*

Diana (2 stars) This muddled and mawkish biopic concentrates on the last two years or so of Princess Diana’s life, from 1995 to 1997. Naomi Watts seems helpless in trying to play the tragic figure, as Oliver Hirschbiegel directs from Stephen Jeffreys’ script, “inspired” by Kate Snell’s book Diana: Her Last Love.

The focus stays mainly on Diana’s relationship with heart surgeon Hasnat Khan (Naveen Andrews). Little rings true, with the result being a feeling of voyeurism.

Rated PG-13, 113 minutes. The DVD includes four cast and crew interviews.

*

Hindenburg: The Last Flight (3 stars) This two-part Encore miniseries takes the doomed last flight of the airship Hindenburg and conjures up a fanciful story filled with intrigue and romance.

A group of nasty Nazis boards the ship as it leaves Germany along with Merten Kroger (Maximilian Simonischek), the ship’s designing engineer. Before boarding, Kroger kills a man who attacked him, but not before learning that a bomb has been planted on board. Now mistakenly wanted for murder, Kroger enters the ship and hides during the voyage, while simultaneously trying to romance the daughter (Lauren Lee Smith) of a rich American (Stacy Keach).

The film’s adequate computer imaging renders picturesque portraits of the floating airship. Oh, the humanity. Not rated, 191 minutes.

*

Guess How Much I Love You Sam McBratney’s celebrated children’s book serves as the source for seven animated episodes in this collection that features Little Nutbrown Hare and his forest friends Field Mouse, Little Grey Squirrel, Little White Owl, Little Redwood Fox and others.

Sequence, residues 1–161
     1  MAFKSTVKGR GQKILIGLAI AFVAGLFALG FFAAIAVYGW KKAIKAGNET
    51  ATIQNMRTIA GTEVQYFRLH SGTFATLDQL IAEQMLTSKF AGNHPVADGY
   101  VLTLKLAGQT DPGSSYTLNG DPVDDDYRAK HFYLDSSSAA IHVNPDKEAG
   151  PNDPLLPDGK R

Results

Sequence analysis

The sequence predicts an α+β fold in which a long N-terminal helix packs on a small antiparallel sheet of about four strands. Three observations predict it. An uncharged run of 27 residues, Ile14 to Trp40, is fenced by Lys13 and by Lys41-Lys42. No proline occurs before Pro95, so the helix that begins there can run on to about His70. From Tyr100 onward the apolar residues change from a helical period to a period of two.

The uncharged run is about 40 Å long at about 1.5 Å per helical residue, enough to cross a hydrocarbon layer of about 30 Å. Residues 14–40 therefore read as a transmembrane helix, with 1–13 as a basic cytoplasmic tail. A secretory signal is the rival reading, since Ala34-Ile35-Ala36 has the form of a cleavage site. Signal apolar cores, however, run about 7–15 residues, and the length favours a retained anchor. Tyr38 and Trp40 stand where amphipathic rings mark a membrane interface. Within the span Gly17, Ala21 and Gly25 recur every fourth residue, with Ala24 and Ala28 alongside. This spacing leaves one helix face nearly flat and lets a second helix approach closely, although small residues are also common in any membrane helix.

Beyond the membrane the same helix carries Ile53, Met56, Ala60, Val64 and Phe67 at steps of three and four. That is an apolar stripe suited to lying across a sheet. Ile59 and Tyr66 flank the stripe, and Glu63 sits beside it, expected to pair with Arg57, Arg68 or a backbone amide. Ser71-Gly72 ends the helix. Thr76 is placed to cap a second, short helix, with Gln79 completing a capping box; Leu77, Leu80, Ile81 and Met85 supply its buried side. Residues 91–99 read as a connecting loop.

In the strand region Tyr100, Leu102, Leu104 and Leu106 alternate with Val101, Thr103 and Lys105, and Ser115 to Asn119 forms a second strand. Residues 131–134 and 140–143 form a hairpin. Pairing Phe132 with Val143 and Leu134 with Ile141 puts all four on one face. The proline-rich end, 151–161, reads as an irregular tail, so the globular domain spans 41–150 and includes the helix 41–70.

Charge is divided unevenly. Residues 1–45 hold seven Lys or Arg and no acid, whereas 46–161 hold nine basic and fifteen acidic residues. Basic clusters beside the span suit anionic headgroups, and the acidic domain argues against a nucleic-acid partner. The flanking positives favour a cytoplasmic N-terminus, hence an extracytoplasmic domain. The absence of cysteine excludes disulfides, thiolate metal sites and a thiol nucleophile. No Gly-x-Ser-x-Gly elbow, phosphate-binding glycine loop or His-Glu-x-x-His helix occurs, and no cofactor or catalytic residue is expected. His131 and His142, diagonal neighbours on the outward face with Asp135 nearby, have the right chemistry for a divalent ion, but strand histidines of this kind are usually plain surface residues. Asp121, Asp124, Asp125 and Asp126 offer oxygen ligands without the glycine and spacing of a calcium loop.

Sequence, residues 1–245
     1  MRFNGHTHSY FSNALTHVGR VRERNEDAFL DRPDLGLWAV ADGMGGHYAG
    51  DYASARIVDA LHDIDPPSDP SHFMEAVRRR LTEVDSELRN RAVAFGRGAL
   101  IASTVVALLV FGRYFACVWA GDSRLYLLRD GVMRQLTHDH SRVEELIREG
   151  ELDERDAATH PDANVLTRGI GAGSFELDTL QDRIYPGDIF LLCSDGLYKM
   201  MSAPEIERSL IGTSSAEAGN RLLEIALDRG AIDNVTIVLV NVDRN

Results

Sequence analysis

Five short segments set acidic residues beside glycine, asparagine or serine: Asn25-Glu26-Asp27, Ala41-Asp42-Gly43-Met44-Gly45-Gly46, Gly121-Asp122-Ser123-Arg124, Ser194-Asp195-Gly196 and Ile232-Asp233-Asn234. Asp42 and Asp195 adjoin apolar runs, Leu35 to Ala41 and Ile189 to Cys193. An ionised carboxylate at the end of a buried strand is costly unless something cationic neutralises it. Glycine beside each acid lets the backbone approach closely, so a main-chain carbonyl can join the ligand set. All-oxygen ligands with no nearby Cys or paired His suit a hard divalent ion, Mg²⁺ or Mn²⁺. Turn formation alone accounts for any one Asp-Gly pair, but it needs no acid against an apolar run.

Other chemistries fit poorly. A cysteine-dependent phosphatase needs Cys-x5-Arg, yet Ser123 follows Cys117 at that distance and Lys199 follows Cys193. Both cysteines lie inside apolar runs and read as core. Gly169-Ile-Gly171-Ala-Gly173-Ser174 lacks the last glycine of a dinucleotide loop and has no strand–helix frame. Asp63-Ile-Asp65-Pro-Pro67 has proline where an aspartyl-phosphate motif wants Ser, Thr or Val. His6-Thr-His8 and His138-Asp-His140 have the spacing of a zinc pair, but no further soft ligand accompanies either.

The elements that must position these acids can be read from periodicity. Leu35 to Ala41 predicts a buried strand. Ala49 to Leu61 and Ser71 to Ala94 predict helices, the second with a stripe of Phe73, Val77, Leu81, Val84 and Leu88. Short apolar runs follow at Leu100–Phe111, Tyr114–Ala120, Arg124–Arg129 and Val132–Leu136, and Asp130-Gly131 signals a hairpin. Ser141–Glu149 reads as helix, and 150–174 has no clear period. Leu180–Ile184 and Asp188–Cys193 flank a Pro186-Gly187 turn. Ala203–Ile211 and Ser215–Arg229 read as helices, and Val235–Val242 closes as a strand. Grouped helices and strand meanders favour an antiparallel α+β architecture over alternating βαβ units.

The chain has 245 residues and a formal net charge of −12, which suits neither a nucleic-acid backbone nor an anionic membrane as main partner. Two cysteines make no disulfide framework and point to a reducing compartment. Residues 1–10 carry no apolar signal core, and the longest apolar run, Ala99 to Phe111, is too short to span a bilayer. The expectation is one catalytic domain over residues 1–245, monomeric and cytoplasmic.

The group takes off through the woods and fields for various adventures, while learning the importance of friendship and other growing lessons. Not rated, 80 minutes.

*

And, finally, from this week’s TV arrivals:

Sherlock: Season Three Although relatively short with only three episodes, this third season ranked at the top of any seasonal viewing in England, as millions of viewers tuned in to see how Sherlock Holmes (Benedict Cumberbatch) made it out alive after his seeming death at the end of season two.

In this quick go-round, Holmes appears to occupy himself more with the pending marriage of Dr. John Watson (Martin Freeman) than with solving mysterious crimes. But that thought proves elusive as this well-plotted series links itself through the three episodes, “The Empty Hearse,” “The Sign of Three” and “His Last Vow.” The entertaining trio, all based loosely on Arthur Conan Doyle’s works, incorporate Watson’s wedding as well as his new bride, Mary (Amanda Abbington).

Those uninitiated to the series will find a modern-day Holmes, completely connected technically and electronically, all conveyed in on-screen dazzle, such as innovative screen wipes, information displays, and rapid dissolves and quick cuts.

Not rated, 270 minutes. The two-disc collection also holds the 14-minute featurette “The Fall,” which examines the second-season finale, “The Reichenbach Fall,” and its aftermath. Plus: a 17-minute featurette on “The Legacy of Sherlock Holmes” and a 14-minute “making of” featurette, “Shooting Sherlock.”

*

Also available Tuesday on DVD: Afternoon Delight, Battle of the Damned, Don’t Pass Me By, Laughing to the Bank, Hellbenders, On the Job.